1. call the bring-in
2. complete the bet
Completing the bet simply means to raise it to the lower limit. For example, if the bring-in on a $5/$10 limit table is $1.25, a player can call it, or complete the bet by raising $3.75 (i.e. $5 less $1.25).
Once every player has either called, raised, or folded, another card is dealt face-up. This is Fourth Street. It triggers a new round of betting. The person who has the highest ranking cards showing makes the first move by checking, betting, or folding. Betting progresses clockwise around the table. Once the round has completed, another upcard is dealt to each player. This is Fifth Street.
Betting following Fifth Street proceeds in the same manner as the previous round. It begins with the player who has the highest ranking board, and goes clockwise around the table. Bets and raises must meet the higher limit (i.e. $10 in a $5/$10 game). Once this round completes, each player receives another upcard, called Sixth Street.
After Sixth Street has been dealt, a new round of betting begins. Again, the person with the highest ranking cards showing is the first player to take action. All bets and raises must meet the big bet limit, similar to the previous round. Once betting finalizes, each active player receives a final card. It is called Seventh Street and is dealt face-down.
A last round of betting follows Seventh Street. If more than one player remains active after the round completes, players show their hands to take down the pot. The person who can make the highest ranking 5-card hand from the seven cards that have been dealt wins the pot.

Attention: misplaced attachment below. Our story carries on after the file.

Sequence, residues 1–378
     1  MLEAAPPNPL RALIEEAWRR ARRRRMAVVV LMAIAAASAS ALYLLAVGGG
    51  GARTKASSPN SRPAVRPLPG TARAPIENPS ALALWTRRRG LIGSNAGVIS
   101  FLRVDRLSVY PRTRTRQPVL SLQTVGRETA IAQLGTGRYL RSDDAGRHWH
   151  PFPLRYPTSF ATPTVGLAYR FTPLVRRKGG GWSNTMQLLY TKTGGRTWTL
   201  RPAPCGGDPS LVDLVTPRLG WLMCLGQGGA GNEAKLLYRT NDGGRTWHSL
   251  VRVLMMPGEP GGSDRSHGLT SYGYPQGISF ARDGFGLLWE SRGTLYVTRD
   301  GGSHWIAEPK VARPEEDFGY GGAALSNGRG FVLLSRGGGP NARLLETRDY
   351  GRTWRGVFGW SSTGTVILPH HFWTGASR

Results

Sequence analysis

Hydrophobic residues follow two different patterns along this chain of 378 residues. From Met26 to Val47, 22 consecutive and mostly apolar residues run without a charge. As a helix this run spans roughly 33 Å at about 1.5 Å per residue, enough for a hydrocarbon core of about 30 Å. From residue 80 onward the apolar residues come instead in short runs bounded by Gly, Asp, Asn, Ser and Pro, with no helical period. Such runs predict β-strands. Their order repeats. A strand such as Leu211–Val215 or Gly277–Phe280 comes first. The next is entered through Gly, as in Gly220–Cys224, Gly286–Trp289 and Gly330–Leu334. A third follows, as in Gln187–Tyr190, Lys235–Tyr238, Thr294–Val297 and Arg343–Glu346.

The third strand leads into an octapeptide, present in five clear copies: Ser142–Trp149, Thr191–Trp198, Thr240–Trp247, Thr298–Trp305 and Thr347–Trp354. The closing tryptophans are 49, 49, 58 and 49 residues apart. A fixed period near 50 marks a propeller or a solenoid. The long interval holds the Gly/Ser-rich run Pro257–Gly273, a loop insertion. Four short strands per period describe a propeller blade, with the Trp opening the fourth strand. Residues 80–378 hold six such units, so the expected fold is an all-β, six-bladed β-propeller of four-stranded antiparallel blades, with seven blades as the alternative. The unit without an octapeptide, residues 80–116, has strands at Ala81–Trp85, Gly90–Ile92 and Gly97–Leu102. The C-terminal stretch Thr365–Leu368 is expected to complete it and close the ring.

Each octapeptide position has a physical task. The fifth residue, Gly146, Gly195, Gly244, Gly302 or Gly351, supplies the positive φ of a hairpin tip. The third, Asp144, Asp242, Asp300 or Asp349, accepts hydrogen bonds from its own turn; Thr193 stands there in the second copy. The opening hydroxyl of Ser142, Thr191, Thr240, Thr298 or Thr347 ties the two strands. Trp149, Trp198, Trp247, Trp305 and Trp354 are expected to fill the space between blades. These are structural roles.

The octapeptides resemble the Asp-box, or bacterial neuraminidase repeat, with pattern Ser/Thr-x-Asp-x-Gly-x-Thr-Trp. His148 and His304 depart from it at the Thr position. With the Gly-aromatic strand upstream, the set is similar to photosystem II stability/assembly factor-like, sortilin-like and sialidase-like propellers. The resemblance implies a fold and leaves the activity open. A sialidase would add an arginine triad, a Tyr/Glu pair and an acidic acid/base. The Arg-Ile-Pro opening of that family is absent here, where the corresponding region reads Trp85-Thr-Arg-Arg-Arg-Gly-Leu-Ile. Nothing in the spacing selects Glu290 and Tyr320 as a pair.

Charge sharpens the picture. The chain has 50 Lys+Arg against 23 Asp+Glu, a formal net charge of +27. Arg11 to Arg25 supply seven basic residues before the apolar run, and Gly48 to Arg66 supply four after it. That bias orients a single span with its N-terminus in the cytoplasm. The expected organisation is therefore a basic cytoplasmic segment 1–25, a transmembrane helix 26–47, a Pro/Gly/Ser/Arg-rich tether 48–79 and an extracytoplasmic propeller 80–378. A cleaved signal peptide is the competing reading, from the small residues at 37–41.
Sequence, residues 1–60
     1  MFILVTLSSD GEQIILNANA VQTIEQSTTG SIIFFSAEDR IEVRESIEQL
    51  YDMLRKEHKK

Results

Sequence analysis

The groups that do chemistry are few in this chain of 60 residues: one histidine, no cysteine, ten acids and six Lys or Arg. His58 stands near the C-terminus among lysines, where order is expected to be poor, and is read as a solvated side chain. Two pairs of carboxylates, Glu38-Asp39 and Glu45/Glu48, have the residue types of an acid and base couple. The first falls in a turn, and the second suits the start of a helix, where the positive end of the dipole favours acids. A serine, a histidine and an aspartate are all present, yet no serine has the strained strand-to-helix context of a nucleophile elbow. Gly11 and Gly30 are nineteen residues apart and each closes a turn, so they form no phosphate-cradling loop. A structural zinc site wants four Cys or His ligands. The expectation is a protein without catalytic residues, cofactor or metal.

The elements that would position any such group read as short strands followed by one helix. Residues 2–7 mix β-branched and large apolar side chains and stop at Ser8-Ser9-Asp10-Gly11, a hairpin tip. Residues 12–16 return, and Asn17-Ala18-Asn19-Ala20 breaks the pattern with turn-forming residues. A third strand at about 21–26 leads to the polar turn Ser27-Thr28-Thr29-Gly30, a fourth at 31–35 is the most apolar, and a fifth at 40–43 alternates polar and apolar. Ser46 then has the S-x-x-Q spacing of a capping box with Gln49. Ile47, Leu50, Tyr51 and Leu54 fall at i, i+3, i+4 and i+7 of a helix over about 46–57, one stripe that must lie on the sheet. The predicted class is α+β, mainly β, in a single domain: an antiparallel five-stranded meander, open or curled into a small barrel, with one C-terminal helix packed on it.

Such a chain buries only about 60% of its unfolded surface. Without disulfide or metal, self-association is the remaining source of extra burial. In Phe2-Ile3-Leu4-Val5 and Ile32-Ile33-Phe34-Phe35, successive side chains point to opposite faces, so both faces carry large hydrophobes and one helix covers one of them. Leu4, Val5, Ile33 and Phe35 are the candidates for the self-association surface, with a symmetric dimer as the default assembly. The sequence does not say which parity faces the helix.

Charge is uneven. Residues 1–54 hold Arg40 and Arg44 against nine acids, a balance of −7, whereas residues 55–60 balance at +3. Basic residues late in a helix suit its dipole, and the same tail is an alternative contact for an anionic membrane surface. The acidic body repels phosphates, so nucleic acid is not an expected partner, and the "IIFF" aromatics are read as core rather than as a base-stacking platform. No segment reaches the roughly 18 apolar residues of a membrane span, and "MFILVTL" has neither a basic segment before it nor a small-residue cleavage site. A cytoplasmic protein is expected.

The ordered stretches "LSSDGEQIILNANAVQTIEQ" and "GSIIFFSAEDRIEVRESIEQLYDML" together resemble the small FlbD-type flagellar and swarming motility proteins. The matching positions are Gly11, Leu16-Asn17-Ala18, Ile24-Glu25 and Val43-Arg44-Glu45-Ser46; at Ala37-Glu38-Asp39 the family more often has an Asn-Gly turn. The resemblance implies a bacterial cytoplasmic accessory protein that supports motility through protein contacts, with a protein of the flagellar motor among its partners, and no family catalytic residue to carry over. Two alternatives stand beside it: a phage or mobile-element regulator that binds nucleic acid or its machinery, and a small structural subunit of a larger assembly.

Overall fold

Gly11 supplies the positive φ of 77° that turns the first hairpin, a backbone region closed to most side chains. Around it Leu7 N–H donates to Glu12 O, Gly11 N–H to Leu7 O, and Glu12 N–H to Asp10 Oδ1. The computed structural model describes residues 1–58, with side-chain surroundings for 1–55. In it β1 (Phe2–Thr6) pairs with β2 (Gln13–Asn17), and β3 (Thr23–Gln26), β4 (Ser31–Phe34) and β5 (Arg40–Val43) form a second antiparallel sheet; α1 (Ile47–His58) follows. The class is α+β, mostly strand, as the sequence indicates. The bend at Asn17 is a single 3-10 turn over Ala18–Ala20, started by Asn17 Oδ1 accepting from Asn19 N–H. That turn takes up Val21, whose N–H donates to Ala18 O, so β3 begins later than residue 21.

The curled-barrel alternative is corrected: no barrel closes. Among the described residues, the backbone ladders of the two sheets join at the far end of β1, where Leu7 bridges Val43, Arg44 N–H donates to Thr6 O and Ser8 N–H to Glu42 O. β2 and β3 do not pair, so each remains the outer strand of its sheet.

Stud Poker Hi Low
Seven Card Stud Hi Low (sometimes called Stud Eights or Better) is played in the same manner as Stud Poker – with two differences.
- First, rather than a single player taking down the pot, the pot is split between at least two players. The person with the lowest ranking hand (according to the Ace to Five ranking system) splits the pot with the person who has the highest ranking hand.
- Second, Seven Card Stud Hi Low is played with a qualifier; the player with the low hand must meet an “eight or better” standard. That means all five cards in that person’s hand must be equal to eight or lower in order to qualify. It is possible for the player with the highest ranking hand to “scoop” the entire pot if no active player can qualify for the low hand.
The Top Poker Sites For Playing Stud Poker
If you are familiar with Razz poker, you’ll find that learning how to play Seven Card Stud Poker is intuitive. Most aspects of the game (besides hand valuations) are identical. That said, if you have never played either poker variant, getting accustomed to the action in Stud Poker might take a little time. We recommend using the following top-rated online poker rooms to get your feet wet:
Stud Poker will always enjoy a huge following. Whether you’re looking to take a break from Texas Holdem or want to sharpen your 7 Card Stud Hi Low playing skills, visit the poker sites listed above. Create your account at each site, grab your bonuses, and have fun taking down the pots.